Metra Trains: Last Car = Healthy Car
By JoshMogerman in News on Jan 15, 2011 9:00PM
Metra Engine at Union Station Chicago [chuck-reynolds]
light commuter rail regularly, but our daily walk through the Ogilvie train shed on the way to yummy lunch at the French Market is hold-your-breath-foul from the diesel haze of idling trains. Earlier this year, the Trib confirmed what anyone who walks past Metra’s downtown tracks had probably already guessed---those choking fumes ain’t healthy!
Regular Metra riders should cheer yesterday’s announcement that steps are being taken to clean up the trains' tailpipe mess. But buried in the feel-good gabbing was a nasty little nugget that points to some cautionary advice riders had better heed if they care about their hearts and lungs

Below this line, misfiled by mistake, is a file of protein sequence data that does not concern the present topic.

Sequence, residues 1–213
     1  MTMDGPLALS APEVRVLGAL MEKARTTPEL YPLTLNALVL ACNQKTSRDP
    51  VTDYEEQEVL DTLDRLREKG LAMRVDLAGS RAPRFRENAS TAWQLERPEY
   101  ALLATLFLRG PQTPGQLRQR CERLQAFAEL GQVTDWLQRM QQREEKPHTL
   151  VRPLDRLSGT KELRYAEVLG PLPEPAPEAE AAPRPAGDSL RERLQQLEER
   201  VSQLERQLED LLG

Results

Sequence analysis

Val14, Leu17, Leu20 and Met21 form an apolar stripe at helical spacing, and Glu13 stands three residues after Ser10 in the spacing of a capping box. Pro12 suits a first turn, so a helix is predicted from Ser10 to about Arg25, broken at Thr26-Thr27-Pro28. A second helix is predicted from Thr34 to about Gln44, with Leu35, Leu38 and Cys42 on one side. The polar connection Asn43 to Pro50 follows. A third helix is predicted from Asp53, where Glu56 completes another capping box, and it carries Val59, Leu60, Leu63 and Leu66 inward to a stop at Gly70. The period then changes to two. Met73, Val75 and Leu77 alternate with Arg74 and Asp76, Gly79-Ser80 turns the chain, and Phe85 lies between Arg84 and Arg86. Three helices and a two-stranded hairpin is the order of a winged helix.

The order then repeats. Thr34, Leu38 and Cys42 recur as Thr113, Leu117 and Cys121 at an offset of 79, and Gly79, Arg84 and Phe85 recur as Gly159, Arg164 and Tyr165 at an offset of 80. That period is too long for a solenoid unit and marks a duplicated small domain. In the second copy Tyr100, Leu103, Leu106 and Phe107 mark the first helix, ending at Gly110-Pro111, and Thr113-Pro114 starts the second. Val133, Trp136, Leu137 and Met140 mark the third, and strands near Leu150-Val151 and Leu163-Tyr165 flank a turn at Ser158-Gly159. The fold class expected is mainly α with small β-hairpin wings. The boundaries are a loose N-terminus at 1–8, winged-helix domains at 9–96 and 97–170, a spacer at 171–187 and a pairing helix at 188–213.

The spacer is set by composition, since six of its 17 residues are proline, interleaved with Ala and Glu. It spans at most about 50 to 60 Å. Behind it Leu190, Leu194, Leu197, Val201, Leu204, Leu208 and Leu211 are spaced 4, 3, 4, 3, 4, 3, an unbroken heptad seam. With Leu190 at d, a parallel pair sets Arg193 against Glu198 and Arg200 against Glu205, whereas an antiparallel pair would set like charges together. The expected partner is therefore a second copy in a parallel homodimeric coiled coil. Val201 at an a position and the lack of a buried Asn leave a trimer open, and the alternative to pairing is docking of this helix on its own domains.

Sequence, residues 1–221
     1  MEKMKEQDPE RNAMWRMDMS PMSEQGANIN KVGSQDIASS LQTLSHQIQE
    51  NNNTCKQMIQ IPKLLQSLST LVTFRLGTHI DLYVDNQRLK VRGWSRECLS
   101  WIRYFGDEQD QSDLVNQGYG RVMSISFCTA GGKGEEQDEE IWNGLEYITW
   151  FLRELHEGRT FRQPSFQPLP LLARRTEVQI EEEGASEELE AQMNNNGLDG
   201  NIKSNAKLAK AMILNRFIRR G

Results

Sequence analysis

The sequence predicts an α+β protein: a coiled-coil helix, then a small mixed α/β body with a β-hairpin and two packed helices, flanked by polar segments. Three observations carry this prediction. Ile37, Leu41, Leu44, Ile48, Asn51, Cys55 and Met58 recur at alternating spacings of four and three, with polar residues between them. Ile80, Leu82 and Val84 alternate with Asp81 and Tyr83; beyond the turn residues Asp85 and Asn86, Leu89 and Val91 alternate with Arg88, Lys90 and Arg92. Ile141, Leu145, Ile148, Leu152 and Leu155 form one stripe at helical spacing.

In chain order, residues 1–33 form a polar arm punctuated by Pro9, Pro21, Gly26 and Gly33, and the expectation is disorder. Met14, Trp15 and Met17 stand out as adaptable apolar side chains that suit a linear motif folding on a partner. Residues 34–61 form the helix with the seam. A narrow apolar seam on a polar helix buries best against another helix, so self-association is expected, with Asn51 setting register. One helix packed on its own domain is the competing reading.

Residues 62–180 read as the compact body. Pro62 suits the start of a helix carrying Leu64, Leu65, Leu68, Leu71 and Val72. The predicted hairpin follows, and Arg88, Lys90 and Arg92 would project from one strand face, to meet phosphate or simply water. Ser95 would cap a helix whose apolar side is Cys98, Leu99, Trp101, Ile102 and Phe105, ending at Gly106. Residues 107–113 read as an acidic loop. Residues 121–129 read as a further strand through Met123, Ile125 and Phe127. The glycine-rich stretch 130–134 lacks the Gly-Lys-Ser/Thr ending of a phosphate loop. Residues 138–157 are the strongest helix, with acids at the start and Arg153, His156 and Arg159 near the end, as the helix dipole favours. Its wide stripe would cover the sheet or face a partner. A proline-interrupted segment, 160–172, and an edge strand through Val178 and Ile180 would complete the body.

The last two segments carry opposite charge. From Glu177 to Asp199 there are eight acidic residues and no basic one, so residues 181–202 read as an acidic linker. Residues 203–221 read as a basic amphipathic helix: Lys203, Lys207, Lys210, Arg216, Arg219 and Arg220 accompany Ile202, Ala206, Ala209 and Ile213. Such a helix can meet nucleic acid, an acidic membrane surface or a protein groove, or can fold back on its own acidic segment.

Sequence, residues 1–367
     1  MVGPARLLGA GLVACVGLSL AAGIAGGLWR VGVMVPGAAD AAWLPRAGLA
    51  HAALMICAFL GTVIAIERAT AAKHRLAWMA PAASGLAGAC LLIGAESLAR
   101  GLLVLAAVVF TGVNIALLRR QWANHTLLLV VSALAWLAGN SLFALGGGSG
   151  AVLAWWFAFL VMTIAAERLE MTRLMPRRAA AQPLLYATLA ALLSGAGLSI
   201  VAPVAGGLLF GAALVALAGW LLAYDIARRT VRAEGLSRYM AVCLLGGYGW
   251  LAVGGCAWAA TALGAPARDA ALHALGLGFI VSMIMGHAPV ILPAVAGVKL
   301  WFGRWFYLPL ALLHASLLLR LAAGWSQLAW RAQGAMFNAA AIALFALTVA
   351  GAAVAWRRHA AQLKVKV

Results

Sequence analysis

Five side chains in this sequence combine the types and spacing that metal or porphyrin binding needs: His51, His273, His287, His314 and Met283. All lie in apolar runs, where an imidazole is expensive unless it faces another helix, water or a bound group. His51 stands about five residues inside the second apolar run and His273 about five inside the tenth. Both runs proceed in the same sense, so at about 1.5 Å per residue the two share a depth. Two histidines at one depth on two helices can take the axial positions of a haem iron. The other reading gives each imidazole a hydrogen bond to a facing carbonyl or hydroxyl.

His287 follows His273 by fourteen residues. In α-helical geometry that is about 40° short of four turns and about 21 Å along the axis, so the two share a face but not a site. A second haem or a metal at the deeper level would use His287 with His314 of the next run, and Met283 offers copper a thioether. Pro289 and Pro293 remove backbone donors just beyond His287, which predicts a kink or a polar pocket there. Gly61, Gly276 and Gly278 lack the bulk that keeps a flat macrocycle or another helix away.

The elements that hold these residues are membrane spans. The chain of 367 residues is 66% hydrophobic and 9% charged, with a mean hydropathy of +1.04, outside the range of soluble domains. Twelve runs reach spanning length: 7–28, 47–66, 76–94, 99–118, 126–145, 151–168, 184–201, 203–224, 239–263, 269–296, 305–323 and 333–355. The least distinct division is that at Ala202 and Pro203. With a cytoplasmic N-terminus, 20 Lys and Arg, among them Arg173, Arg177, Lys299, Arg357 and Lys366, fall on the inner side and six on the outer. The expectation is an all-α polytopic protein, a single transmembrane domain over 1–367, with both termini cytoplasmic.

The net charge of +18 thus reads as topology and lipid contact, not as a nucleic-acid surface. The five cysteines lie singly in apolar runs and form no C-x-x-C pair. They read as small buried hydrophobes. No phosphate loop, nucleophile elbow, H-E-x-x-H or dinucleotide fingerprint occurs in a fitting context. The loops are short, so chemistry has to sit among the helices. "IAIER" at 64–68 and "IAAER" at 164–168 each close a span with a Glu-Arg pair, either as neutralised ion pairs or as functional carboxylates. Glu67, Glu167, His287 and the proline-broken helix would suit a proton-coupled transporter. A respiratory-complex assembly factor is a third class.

In response to more crack reporting from the Trib’s Michael Hawthorne, Metra is finally installing better air filters on the trains and switching to cleaner burning fuel. Of course, they had to do their own testing, which confirmed the Trib’s analysis that the toxic diesel fumes in downtown commuter stations were pooling at dangerously unhealthy levels on platforms and were even worse inside the train cars themselves. Metra’s tests showed that the fumes decreased further back in the trains---dropping 50% from the first to second car and an additional 50% from that level on the last car. So, just like elementary school, the cool kids should sit in back! And, while we like the quiet car concept Metra recently rolled out, we suggest riders should be more focused on finding seats in the “healthy car.”
Given the steady stream of disturbing news coming from our regional
light commuter rail system, we are heartened to hear that the air quality issue will finally be addressed---though it is frustrating to see the cudgel of investigative reporting necessary to shame Metra into doing something about a problem that they have surely been aware of for decades. We are mass transit boosters and hope Metra can turn it around to help the region move and succeed. But we fear that their new watchdog will have her hands full looking out for the agency's employees and regular riders who deserve far better.